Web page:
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Suppose $G$ is finite, $K$ is a normal subgroup in $G$, $H$ is a subgroup of $G$, and $|K|$ is relatively prime to $[G:H]$. Show that $K$ is a subgroup of $H$.

I don't know where to begin...

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$[HK:H]=[K:K\cap H]$ divides both $[G:H]$ and $|K|$. – user641 May 23 '12 at 2:35
Yes, this is waaaaay easier...:) – DonAntonio May 23 '12 at 2:44
You don't really need $K$ normal, you just need $HK$ to be a subgroup. – Arturo Magidin May 23 '12 at 2:57
$G$ finite is not necessary. If $[G:H]$ finite and $|K|$ so is, then $K\leq H$. – Gastón Burrull May 23 '12 at 3:21
I got it. Thanks for the useful and free help! – Steven Li May 23 '12 at 3:33
up vote 4 down vote accepted

You don't need $K$ to be normal, you just need $HK$ to be a subgroup (which it is when $K$ is normal). Note that $K\subseteq H$ if and only if $H\cap K=K$.

In general, we know that $|HK||H\cap K| = |H||K|$. Therefore, if all quantities are finite, we have $$\frac{|HK|}{|H|} = \frac{|K|}{|H\cap K|}.$$ If $HK$ is a subgroup and $G$ is finite, then $|HK|$ divides $|G|$, so $$\frac{|K|}{|H\cap K|} = \frac{|HK|}{|H|} \text{ divides }\frac{|G|}{|H|} = [G:H].$$

From this you should be able to finish.

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How do you understand the equality |HK||H∩K|=|H||K|? I can prove it, but I don't understand it well enough to apply it on my own. – Steven Li May 23 '12 at 4:24
@sli: It's a counting statement: if you take all products of elements of $H$ and elements of $K$ you get $|H\cap K|$ copies of each element of $HK$. Not sure what else you are supposed to "understand", except perhaps that as a special case you get the equality $|H|/|H\cap K| = |HK|/|K|$, which of course "should" follow from one of the Isomorphism Theorems. Perhaps you can view it as a generalization of that in the case where $K$ is not necessarily normal? – Arturo Magidin May 23 '12 at 4:33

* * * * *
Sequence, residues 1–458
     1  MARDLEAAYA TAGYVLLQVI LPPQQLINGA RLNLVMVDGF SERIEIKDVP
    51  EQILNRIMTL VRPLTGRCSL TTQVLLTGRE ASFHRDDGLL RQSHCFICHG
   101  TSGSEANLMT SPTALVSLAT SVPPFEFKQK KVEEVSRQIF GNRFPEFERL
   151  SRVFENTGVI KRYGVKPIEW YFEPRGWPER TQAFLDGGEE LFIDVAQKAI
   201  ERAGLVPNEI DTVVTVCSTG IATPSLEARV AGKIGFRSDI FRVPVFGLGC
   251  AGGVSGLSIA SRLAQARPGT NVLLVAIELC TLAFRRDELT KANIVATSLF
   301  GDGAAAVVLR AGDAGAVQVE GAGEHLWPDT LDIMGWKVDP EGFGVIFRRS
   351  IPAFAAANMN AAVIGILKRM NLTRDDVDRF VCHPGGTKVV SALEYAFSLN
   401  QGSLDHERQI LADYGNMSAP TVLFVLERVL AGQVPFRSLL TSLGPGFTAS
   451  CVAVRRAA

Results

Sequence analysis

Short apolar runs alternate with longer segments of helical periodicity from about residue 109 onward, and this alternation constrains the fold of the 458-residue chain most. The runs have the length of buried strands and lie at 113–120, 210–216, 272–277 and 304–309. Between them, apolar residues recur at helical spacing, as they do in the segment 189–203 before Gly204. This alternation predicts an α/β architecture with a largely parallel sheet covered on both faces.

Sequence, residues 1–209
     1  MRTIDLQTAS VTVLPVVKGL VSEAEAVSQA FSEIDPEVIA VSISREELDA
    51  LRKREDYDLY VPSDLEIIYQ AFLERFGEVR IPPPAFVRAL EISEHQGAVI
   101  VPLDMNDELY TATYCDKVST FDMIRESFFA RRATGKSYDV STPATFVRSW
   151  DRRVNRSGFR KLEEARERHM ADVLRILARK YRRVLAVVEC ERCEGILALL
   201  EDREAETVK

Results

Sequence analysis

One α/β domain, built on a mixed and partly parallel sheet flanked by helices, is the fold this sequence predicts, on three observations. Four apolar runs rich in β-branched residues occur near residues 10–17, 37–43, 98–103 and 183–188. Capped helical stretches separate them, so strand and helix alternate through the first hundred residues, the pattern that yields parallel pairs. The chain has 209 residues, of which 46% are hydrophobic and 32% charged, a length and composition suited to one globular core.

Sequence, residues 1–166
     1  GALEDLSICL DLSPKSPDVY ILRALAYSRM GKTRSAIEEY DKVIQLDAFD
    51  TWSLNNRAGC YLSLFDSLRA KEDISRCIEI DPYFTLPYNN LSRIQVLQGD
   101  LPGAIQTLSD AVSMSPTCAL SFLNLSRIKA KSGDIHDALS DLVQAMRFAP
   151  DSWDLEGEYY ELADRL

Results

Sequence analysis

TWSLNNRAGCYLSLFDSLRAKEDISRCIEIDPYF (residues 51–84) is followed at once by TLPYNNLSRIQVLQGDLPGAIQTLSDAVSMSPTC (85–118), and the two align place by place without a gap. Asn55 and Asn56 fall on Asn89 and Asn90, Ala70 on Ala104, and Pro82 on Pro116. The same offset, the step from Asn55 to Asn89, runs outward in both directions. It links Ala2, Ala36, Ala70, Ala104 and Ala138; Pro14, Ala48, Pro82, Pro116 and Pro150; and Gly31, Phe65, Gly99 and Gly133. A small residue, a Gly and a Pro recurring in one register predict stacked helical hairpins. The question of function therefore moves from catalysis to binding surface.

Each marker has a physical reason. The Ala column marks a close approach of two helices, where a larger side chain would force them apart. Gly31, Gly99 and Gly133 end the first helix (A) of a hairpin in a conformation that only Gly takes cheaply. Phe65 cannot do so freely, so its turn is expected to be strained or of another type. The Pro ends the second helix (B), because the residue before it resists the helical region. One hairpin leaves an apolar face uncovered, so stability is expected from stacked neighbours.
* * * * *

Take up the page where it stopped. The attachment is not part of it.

I see the counting statement now. Thank you! – Steven Li May 23 '12 at 4:37
why do we need HK to be a subgroup? – user136266 Nov 24 '14 at 14:10
what is the difference between using second isomorphism theorem and the counting argument here? – user136266 Nov 24 '14 at 14:23

I'll prove a more general result:

If $K\triangleleft G$, $|K|$ finite, $H\leq G$, $[G:H]$ finite and $|K|$, $[G:H]$ are relatively prime then $H\leq K$

We need to prove the next Lemma for a very elemental proof.

Lemma: If $H$ and $K$ are subgroups of a group $G$, then $[H:H\cap K]\leq [G:K]$. If $[G:K]$ is finite then $[H:H\cap K]=[G:K]$ if and only if $G=KH$.

Proof: If $A$ is collection of all left cosets of $H\cap K$ in $H$ and $B$ is the collection of all left cosets of $K$ in $G$. The map $\phi:A\to B$ given by $\phi(h(H\cap K))=hK$ (remember that $h$ must be in $H$) is well defined since $h(H\cap K)=h'(H\cap K)$ implies $h'h^{-1}\in (H\cap K)$ in particular $h'h^{-1}\in K$, then $h'K=hK$. Map is inyective since $h'K=hK$ with $h\in H$ implies $h'h^{-1}\in K$ and $h'h^{-1}\in H$ therefore $h'h^{-1}\in H\cap K$ and $h(H\cap K)=h'(H\cap K)$. Then $[H:H\cap K]=|A|\leq|B|=[G:K]$. Let $[G:K]=n<\infty$ then $[H:H\cap K]=[G:K]$ if and only if $\phi$ is surjective if and only if $G=KH$ $\square$.

Since $K$ is normal, $KH$ is a subgroup. By Lemma we have $[K:H\cap K]=[HK:K]$ but $|K|$ is finite then $|H\cap K|$ so is and we know that $[K:H\cap K]|H\cap K|=|K|$ then we have that $[K:H\cap K]$ is finite and $[G:H]=[G:HK][HK:H]$.

Note that $[HK:H]=[K: H\cap K]$ (second isomorphism theorem) and both are finite. Clearly $[HK:H]$ divides $[G:H]$ and $[K: H\cap K]$ divides $|K|$ but are relatively primes then $[K: H\cap K]=1$ implies $K\leq H$.

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Hi just wondering, isn't the lemma saying that $[K:H\cap K] \leq [HK: K]$? Why do you put equality? And why we need the lemma when we already have the second isomorphism theorem? – user136266 Nov 24 '14 at 13:48
does saying |K|,[G:H] relatively prime imply that they are finite? – user136266 Nov 24 '14 at 14:32

1) Suppose $\,H\triangleleft G\,$ , and let us look at $\,kH\in G/H\,\,,\,\,k\in K\,$ , so one hand we have $\,\left(kH\right)^{|K|}=k^{|K|}H=H\,$, and OTOH we also have $\,\left(kH\right)^{[G:H]}=k^{[G:H]}H=H\, $ , so both numbers $\,|K|\,,\,[G:H]\,$ have to be multiples of this element's order, which can be only if its order is 1, and we're done.

2) If H is not normal in G, just take $\,\displaystyle{\cap_{g\in G}H^g=}\,$ the core or H in G, instead of H.

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